Using Appreciative Inquiry to develop a Dementia Care Pathway

BCUHB Group shot

At the end of July 2014 Roger Rowett worked with Sean Page from Betsi Cadwaladr University Health Board (BCUHB) to develop a Dementia Care Pathway for people using their in-house services. This 2 day workshop involved all grades of staff in exploring what was working well within the service and their aspirations for the future. This fed into identifying and designing key elements of a pathway that will assist in ensuring clear and effective support for those people using the service.

The focus was very much around ‘how’ things are done as well as ‘what’ is done. This will be followed up by a further workshop for patients and carers later in the year.

Feedback from participants (see below) at the end of the two days highlighted the value of using AI rather than a traditional checkbox approach (i.e. we do this, then this, then this etc.).


Feedback from participants

  •  Initially it was hard to see where the process was going to take us in terms of developing a ‘pathway’ but it was surprising what information came out of the 2 days


  • Informative and well presented 2 days. We had a clear awareness of the dementia pathway and what we will need to achieve to meet this end. Good ‘teaching’ technique – kept me interested throughout – good learning experience.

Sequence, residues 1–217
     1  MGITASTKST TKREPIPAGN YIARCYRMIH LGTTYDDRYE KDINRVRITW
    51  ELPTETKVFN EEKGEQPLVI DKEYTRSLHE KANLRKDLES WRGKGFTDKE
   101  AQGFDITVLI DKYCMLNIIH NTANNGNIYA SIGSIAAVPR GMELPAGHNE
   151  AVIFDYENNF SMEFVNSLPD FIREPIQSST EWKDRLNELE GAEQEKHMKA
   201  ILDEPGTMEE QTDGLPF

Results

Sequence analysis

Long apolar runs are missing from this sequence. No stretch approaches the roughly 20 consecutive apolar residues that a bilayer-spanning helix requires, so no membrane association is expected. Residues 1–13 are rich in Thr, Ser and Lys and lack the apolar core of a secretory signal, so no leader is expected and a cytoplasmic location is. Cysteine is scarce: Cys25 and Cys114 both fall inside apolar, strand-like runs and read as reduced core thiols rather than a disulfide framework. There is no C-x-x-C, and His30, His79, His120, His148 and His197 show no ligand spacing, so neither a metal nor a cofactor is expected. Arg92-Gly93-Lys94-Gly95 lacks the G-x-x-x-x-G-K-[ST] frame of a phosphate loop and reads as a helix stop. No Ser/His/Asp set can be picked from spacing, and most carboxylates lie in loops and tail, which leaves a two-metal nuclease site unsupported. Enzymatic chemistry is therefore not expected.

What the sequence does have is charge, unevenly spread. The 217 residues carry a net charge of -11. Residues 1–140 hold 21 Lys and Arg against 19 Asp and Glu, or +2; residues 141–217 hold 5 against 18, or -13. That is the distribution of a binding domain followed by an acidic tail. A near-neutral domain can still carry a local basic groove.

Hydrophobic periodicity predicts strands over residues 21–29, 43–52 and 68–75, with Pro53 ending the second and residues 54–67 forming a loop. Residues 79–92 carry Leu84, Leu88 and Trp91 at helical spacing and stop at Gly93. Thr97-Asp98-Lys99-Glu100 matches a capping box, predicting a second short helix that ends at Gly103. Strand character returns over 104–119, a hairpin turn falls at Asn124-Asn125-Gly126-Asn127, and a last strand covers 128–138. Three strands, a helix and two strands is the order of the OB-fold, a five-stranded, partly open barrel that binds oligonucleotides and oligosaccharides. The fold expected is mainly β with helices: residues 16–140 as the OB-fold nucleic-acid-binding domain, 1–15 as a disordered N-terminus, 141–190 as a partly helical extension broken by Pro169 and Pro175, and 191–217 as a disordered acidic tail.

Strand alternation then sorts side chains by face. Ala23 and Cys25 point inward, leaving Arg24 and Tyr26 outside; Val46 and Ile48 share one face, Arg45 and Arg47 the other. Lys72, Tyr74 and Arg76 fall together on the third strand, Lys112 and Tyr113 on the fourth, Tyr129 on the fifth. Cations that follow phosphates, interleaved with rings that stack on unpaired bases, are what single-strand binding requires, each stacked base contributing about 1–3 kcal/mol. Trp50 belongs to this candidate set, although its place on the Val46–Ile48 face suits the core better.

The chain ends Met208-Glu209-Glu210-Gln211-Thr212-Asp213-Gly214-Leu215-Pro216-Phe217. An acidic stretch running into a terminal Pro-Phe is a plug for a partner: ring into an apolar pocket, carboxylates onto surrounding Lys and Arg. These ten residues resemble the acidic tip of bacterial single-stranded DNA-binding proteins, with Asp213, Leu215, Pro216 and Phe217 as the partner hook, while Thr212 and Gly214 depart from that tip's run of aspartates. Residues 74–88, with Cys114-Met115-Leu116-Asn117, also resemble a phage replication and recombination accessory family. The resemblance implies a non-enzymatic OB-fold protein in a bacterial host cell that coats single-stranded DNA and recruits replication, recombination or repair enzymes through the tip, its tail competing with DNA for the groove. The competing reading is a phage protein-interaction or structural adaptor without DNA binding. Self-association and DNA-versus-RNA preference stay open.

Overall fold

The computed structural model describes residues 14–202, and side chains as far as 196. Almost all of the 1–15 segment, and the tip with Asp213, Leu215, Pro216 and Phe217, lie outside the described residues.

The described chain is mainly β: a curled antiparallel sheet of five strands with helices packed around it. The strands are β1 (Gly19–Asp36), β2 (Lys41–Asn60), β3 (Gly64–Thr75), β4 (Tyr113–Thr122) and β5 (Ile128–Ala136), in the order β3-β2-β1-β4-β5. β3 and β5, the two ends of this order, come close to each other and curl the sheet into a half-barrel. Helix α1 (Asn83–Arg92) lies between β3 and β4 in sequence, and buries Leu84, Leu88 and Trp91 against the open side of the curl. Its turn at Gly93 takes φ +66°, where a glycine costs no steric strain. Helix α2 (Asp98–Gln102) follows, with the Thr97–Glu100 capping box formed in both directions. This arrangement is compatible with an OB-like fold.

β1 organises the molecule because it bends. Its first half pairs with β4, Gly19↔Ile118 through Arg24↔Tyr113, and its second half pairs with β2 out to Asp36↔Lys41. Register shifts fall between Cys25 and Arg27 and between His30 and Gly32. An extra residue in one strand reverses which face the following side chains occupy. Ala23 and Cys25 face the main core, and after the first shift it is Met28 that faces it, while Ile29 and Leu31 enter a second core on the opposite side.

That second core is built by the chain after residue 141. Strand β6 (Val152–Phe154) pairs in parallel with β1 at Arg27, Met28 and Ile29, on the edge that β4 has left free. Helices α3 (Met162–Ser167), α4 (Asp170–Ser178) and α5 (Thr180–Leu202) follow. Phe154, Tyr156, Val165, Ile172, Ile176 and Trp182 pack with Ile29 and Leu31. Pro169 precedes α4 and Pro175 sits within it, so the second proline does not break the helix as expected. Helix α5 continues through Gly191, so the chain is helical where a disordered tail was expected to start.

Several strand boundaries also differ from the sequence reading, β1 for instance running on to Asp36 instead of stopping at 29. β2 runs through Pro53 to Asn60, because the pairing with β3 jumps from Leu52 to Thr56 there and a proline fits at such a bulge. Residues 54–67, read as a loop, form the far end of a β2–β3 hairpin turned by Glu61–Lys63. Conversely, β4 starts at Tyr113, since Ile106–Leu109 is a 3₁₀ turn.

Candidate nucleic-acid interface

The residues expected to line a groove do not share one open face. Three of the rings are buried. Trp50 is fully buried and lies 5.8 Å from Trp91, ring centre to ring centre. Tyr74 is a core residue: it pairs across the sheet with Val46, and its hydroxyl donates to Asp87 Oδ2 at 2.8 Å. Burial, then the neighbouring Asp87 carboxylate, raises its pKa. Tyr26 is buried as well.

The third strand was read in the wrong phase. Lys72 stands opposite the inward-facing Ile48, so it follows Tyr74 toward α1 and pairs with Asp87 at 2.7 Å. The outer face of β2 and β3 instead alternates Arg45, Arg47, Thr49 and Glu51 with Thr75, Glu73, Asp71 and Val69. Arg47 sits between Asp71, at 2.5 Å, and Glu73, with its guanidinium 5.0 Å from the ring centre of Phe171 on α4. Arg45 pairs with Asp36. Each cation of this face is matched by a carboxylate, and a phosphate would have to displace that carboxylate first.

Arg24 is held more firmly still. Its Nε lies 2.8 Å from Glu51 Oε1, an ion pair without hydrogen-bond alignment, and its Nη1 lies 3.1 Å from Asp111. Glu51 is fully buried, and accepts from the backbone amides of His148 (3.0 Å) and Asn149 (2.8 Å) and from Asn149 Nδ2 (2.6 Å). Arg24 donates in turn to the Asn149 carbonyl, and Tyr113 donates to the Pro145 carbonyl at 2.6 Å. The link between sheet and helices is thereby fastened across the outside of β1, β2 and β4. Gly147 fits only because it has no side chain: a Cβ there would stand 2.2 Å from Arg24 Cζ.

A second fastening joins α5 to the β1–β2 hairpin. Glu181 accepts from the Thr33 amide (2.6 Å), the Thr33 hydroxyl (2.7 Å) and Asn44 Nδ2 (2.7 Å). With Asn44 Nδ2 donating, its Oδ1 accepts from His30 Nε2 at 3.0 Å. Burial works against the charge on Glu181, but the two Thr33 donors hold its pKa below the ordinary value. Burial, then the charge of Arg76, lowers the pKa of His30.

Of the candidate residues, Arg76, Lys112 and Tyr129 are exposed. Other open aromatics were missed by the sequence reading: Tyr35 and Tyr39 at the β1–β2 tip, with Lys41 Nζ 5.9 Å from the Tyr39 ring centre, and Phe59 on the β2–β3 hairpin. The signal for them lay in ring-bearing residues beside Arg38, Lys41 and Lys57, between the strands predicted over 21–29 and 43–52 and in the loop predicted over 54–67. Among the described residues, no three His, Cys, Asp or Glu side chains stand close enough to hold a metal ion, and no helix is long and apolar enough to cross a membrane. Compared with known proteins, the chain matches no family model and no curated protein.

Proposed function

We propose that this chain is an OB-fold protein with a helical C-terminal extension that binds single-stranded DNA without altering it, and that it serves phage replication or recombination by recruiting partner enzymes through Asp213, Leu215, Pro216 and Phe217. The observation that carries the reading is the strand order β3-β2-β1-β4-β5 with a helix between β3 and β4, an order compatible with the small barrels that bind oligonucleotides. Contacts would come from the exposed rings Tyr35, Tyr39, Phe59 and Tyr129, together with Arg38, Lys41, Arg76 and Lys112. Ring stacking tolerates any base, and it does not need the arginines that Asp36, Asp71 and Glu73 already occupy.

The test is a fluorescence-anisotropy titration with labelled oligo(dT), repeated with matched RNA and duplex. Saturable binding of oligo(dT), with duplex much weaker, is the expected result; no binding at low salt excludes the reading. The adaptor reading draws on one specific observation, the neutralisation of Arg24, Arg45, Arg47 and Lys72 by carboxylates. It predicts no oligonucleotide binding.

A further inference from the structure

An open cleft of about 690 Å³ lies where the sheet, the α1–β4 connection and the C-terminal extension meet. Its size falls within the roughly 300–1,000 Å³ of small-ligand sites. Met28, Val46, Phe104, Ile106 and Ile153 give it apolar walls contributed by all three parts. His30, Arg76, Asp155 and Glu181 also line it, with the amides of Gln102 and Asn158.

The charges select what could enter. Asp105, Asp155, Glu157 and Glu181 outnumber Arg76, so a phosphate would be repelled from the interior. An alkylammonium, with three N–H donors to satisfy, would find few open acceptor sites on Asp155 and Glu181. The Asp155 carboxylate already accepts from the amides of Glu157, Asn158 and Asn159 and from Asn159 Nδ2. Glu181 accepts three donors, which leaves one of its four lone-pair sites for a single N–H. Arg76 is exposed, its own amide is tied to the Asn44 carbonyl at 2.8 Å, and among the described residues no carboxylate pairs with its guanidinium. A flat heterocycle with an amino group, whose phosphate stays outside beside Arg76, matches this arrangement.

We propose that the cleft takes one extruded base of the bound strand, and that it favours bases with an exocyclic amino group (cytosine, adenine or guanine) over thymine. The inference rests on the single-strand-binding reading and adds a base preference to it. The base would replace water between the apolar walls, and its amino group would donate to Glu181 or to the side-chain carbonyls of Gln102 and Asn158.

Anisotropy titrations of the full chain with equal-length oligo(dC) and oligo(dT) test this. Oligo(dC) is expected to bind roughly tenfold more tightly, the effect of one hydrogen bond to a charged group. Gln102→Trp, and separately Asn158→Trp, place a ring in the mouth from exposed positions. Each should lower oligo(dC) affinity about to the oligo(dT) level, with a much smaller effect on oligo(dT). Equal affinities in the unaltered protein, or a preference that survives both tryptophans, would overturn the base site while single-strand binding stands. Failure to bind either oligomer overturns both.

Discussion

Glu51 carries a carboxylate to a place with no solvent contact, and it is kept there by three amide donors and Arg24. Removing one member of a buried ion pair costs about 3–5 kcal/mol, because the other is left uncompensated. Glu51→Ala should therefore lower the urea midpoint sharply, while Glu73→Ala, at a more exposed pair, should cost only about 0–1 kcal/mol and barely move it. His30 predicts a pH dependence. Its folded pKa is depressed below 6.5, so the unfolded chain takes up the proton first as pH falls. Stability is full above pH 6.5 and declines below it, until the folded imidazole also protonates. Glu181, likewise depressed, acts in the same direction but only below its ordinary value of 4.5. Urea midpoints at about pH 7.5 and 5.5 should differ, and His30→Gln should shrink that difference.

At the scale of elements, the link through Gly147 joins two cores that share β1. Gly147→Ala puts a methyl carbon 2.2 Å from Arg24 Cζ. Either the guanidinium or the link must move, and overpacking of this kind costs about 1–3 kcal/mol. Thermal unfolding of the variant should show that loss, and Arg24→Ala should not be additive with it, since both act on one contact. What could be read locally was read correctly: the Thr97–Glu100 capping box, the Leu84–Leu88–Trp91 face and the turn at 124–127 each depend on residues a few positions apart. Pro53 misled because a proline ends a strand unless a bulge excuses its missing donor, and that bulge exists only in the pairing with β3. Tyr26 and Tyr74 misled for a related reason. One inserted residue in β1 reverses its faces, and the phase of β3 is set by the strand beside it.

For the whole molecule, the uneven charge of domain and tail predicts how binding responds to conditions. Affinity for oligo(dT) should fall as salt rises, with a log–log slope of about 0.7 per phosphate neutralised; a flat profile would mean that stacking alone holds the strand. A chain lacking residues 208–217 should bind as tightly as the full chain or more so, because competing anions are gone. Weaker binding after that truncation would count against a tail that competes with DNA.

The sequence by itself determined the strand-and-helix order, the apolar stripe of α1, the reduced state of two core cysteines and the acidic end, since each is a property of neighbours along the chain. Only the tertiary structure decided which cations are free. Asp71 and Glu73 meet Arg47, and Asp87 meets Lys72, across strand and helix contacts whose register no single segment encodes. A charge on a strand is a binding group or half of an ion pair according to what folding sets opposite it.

• An interesting 2 days. I felt we covered a lot and shared views/opinions well as a group. Some good ideas to take forward. Really liked the AI approach. Never used it before but it seemed to work well and kept us all engaged/focused.


  • Seemed to be good participation from all attending and a good cross section of staff. Good to look at building on strengths and positives. Useful to emphasise next small steps – very important. Important to return to topic to check progress (or lack of it)


  • It makes sense to have a ‘person centred’ approach that brings us more clearly the role of the ‘important other’. The Appreciative Inquiry approach is more empowering for staff as we live in a time of too many targets and it is easy to get demoralised.


  • Good to share the journey with variety of people. AI is a positive approach and something that I will use again. Fish and chips may have been a better food option.


  • Empowering to be a part of development of service. Process was easy to associate with and link practice. The use of AI could be useful in day to day ward management!


  • Good delivery methods used which encouraged participation. Good facilitation – kept group focused on the task. Nice to introduce the subject of AI to HCSW grades.


  • To be included in this workshop, I feel, has made my thought processes come alive. It’s refreshing to realise that what we have always been trying to provide is finally being recognised in a Dementia Pathway – a holistic approach.